KUALA LUMPUR: Petroliam Nasional Bhd’s (Petronas) RM30 billion special dividend will help power Malaysia’s economy next year, but the all-time-high dividend payment does not make Malaysia heavily dependent on oil revenue, Finance Minister Lim Guan Eng said.
“Petronas can afford to pay that special dividend ... The special dividend is a one-off [event]. It is meant for the GST (goods and services tax) and income tax refunds. We have to return the money as soon as we can ... It is money that the government owes the taxpayers; otherwise, they could sue us ... it has been two years.
“And the tax refund would help spur economic growth ... this was understood by the rating agencies. At the end of the day, what is the point of Petronas having a lot of cash if the whole country collapses?” Guan Eng said to The Edge Financial Daily in an interview yesterday.
The RM37 billion outstanding amount is expected to be returned to taxpayers by end-2019, he said, noting that the government’s operating expenditure for 2019 would have been lower year-on-year if not for the need to return the excess taxes owed to the people and businesses by the previous administration.
Pointing to Moody’s Investors Service’s revision of Petronas’ outlook rating from “stable” to “negative” last week, critics — including former prime minister Datuk Seri Najib Razak — have taken to social media to criticise the current government’s purported inability to manage the country’s finances.
Some have also said the government is taking away money that Petronas could otherwise invest to sustain future growth. Others pointed to the smaller revenue collection from swapping the GST with the sales and services tax (SST) and reckoned Malaysia may have little choice but to keep tapping Petronas for more money, a move that is seen as unsustainable due to the volatility of oil prices.
Moody’s has noted that Petronas’ financial profile may deteriorate if the government continues to ask the national oil company to keep dividend payments high, especially should oil prices decline. Nonetheless, Moody’s affirmed Petronas’ “A1” rating.
The minister, who was once overwhelmed by the government’s depleted cash coffers when there was barely RM450 million left for the government’s cash flow, admitted that the government was concerned about the possibility of Malaysia’s sovereign rating being downgraded when it decided to run a wider deficit.
“Yes, we were worried. But we have to face it (fiscal problems). We should not run and should not hide [the problems]. We already decided on running a [wider] deficit even before the Mid-term Review [of the 11th Malaysia Plan].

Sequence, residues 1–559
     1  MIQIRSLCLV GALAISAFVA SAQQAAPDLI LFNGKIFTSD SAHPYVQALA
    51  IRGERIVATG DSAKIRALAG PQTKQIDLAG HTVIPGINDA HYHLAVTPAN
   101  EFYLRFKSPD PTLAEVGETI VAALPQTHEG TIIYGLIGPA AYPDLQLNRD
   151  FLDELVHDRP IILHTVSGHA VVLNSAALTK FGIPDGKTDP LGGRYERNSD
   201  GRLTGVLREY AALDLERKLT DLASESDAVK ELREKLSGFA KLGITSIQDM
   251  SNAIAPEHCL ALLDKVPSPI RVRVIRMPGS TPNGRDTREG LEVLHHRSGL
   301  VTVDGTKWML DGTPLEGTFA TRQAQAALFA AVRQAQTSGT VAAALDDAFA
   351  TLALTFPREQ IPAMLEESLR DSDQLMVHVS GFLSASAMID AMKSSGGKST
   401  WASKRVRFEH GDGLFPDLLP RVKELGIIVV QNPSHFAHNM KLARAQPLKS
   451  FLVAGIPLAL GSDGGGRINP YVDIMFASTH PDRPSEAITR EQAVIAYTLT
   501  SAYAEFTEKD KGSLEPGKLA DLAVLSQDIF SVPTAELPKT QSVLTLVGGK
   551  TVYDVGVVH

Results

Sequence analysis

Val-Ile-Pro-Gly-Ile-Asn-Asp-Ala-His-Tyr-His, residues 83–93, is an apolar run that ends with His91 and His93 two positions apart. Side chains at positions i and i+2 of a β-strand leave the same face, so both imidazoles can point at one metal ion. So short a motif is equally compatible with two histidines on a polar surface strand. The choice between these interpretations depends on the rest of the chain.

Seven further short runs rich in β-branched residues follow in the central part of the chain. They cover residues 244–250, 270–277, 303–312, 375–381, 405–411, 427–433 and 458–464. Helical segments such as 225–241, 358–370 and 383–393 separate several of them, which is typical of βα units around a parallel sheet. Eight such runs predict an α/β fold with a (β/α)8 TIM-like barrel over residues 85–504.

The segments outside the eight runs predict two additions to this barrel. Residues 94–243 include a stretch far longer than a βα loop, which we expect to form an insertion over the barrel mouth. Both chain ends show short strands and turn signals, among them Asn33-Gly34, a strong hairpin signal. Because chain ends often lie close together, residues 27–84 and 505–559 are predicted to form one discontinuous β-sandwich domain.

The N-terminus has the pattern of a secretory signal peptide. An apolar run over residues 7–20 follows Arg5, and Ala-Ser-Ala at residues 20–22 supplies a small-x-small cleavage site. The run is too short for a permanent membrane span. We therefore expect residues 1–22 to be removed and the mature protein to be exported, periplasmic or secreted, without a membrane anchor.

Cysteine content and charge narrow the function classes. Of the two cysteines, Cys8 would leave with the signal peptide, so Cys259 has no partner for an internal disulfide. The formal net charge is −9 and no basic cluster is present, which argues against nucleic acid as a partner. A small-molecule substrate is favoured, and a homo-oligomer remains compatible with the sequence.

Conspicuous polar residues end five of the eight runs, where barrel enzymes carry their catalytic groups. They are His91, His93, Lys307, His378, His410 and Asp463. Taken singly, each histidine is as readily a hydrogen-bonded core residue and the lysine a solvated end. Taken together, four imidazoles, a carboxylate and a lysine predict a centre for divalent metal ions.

“When the going gets tough, the tough gets going. We have to toughen up to face the reality that we need to clean up the legacy issues or the mess we inherited from the previous government,” said Guan Eng, who has had meetings with rating agencies.
“So far there isn’t any change [made by the rating agencies] after the announcement that the government is going to run a bigger deficit. Isn’t that positive?” said Guan Eng, adding that the meetings with rating agencies ended on positive notes but declined to elaborate further.
“You have to be fair to the government; they (rating agencies) also commented that institutional reforms are credit positive,” he added.
He also highlighted that Budget 2019 has spelt out details of the government’s plan to reduce the fiscal deficit to a healthier level and to restructure the national debts so that debt service charges would come down to more manageable levels.
Also, he pointed out that the government has already started to trim operating expenditure, which has accounted for 99% of the federal government revenue.
Guan Eng added that the government would remain prudent in its fiscal spending while trying to save as much as possible through open tender of all government contracts. “You would be surprised by how much you could save from open tenders. Penang has managed to save up [to] 45% ... Even if we only manage to save 10%, for a RM55 billion project, that will mean RM5.5 billion, which is a lot,” he explained.
He also highlighted that Budget 2019 emphasises on having the private sector as the locomotive to drive the domestic economy at a time the government has little money to stimulate growth. “When the economy grows, the government’s revenue will also increase.”
The country’s fiscal deficit is projected to be 3.7% of the gross domestic product for 2018, according to Budget 2019. The Pakatan Harapan government expects its fiscal consolidation efforts to narrow this deficit to 3.4% in 2019, 3% in 2020 and 2.8% in 2021.